NATIONAL REPORT—The amount of moisture in the air, “humidity,” continually varies. Think of a sponge as an analogy. When relative humidity is 50 percent, the sponge is half full of water. When relative humidity is 100 percent, the sponge is holding as much water as it possibly can. When relative humidity is 0 percent, the sponge is completely dry and free of moisture.
Buildings in Orlando, Fla. are more susceptible to humidity challenges than for example, Atlanta. What climate qualities make Orlando more susceptible to humidity than Atlanta? Orlando is situated in an area that experiences high humidity for an extended period in the cooling season.
HVAC units are either designed with active dehumidification components or without. Active dehumidification components target and control humidity. HVACs that include this feature tend to be more expensive and less common. Note that on PTAC’s, active dehumidification cannot be retrofitted later. Justin Lendowski, Senior Controls Engineer at Telkonet, recommends that when shopping for HVAC’s, do not skimp on options like this one. PTACs with dehumidification are worth the extra cost. If they are not in your budget, cost-effective alternatives are available.
Your HVAC units might feature humidity sensors, or humidistats which measure humidity but do not control humidity. You may have read that thermostats with humidistats simply cannot reduce room RH percent, because they drive the HVAC based solely on room temperature, regardless of what the humidistat indicates. This is partially true. For some thermostats, the humidistat does not affect HVAC operation whatsoever.
However, the good news is that now there are smart thermostats featuring humidistats which operate using specific firmware, designed to drive the HVAC based on temperature, humidity, occupancy, and other parameters. Firmware can be customized for your climate and your unique property.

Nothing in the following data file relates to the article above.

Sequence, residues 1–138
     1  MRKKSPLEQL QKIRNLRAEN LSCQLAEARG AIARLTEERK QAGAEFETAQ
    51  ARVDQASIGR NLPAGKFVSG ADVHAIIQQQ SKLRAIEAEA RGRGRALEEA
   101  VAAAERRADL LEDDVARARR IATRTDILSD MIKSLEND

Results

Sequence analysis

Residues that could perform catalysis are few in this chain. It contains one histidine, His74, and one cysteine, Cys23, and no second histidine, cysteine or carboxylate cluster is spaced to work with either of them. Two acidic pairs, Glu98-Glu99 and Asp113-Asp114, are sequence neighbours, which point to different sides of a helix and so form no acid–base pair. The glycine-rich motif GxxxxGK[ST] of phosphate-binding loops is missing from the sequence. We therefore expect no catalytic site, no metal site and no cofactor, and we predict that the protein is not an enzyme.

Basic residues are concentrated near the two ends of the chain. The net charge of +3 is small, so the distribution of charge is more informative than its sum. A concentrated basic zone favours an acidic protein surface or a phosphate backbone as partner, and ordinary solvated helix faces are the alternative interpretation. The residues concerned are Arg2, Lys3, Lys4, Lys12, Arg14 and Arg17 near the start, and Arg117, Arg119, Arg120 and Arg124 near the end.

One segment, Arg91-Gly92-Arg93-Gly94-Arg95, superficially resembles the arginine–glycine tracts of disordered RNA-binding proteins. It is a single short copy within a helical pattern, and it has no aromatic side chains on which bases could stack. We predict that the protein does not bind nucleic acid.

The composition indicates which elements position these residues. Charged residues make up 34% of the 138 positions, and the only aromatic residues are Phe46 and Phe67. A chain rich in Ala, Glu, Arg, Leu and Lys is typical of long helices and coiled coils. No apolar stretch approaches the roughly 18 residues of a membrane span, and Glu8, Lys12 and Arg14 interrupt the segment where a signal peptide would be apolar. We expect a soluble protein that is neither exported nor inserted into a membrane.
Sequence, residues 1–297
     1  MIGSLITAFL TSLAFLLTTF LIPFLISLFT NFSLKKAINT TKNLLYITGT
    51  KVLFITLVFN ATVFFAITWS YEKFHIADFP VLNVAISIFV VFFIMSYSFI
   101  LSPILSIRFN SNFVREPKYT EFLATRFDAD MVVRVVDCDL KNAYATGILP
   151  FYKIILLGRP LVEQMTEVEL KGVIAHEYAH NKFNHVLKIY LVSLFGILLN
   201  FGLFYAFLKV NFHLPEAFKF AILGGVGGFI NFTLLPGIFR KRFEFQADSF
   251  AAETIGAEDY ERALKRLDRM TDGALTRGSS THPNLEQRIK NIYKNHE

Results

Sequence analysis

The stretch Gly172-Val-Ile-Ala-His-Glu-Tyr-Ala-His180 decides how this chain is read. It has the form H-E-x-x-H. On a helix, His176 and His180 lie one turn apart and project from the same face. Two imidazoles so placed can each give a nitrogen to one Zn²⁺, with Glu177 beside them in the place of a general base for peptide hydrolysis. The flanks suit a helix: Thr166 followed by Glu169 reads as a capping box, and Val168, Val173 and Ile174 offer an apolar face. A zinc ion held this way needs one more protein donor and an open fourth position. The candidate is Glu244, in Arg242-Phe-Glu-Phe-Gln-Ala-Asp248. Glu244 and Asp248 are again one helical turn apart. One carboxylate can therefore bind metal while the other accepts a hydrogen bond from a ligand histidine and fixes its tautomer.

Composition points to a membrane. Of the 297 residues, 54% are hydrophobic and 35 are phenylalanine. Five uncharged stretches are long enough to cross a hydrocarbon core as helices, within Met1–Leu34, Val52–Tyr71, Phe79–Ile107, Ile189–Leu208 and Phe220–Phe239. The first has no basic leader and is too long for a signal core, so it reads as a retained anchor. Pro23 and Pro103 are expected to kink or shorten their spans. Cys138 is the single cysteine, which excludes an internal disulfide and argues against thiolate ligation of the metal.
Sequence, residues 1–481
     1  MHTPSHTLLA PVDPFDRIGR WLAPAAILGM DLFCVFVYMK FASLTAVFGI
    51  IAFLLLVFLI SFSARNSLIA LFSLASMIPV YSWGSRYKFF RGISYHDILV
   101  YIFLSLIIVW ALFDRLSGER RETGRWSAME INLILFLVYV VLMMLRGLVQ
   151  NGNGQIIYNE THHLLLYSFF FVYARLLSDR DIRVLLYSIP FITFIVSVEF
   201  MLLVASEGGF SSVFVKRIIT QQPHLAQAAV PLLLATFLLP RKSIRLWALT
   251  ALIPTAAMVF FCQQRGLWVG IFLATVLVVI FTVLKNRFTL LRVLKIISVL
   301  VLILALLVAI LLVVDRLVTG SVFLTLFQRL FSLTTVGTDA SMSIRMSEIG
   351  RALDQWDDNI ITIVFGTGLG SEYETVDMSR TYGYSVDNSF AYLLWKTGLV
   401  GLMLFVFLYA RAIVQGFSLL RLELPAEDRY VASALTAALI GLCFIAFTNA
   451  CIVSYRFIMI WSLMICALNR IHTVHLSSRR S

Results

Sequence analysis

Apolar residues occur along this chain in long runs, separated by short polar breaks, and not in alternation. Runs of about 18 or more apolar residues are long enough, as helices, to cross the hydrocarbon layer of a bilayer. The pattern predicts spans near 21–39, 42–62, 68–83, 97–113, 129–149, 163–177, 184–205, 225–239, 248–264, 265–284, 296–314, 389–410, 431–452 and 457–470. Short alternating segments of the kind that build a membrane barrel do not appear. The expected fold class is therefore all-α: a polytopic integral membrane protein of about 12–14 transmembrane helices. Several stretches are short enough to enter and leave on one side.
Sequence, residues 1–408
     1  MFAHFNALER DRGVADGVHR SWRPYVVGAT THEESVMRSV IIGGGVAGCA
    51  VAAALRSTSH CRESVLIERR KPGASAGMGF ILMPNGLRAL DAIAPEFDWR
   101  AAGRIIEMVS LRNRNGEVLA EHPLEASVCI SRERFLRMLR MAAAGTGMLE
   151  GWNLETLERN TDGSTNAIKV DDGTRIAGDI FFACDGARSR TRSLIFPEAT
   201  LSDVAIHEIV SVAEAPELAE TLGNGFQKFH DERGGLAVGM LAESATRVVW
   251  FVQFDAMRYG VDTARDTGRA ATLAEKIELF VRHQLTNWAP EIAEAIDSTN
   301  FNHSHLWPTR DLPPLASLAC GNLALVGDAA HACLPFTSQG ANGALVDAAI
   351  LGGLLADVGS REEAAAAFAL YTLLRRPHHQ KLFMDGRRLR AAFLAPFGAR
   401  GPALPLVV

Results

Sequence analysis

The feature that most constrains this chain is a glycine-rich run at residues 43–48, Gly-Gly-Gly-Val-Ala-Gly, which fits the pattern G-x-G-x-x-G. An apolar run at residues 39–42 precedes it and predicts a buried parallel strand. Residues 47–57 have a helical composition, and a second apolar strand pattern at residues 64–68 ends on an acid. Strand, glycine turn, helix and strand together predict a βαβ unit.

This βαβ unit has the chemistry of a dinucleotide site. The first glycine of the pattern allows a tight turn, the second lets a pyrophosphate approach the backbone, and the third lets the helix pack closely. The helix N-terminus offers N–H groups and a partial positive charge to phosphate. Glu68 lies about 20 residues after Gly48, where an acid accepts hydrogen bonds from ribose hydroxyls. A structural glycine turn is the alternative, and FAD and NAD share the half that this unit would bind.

When Moisture Makes an Extended Stay
Once outdoor water vapor has made its way past porous building materials, it moves first through the wall cavity, then the insulation, and finally the drywall. Often moisture is stopped by non-porous or semi-porous vinyl wall coverings. This is problematic. Moisture will collect behind vinyl wall coverings, condensing and soaking the drywall and insulation until it is soft and crumbly, encouraging the growth of mold and mildew.
How Does This Affect My Business?
The presence of mildew or mold in a building creates a host of problems, big and small. In the hospitality industry, the unwelcome effects of mold and mildew can cost you your customers’ brand loyalty. The presence of mildew or mold in a room creates stale-smelling, musty air that will greet the guest as soon as they open the door. Hotels can lose loyal guests who are turned off by the sight and smell of mold and mildew, some of whom announce their bad experiences on TripAdvisor and other social media platforms, complete with photos.
Mold and mildew caused by sustained high humidity inside buildings can cause health problems ranging from minor reactions (nasal stuffiness, throat irritation, coughing or wheezing, eye or skin irritation) to more severe reactions like lung infections, especially for those with mold allergies and lung disorders like COPD.
Some insects are attracted to mold and mildew as a food source. Here are the most common insects that eat mold and mildew: cockroaches, mold mites, foreign grain beetles, termites, and book lice. Other insects, even if they don’t feast on mold, just feel comfortable in warm, damp environments. Dust mites, bed bugs, centipedes, and earwigs are examples.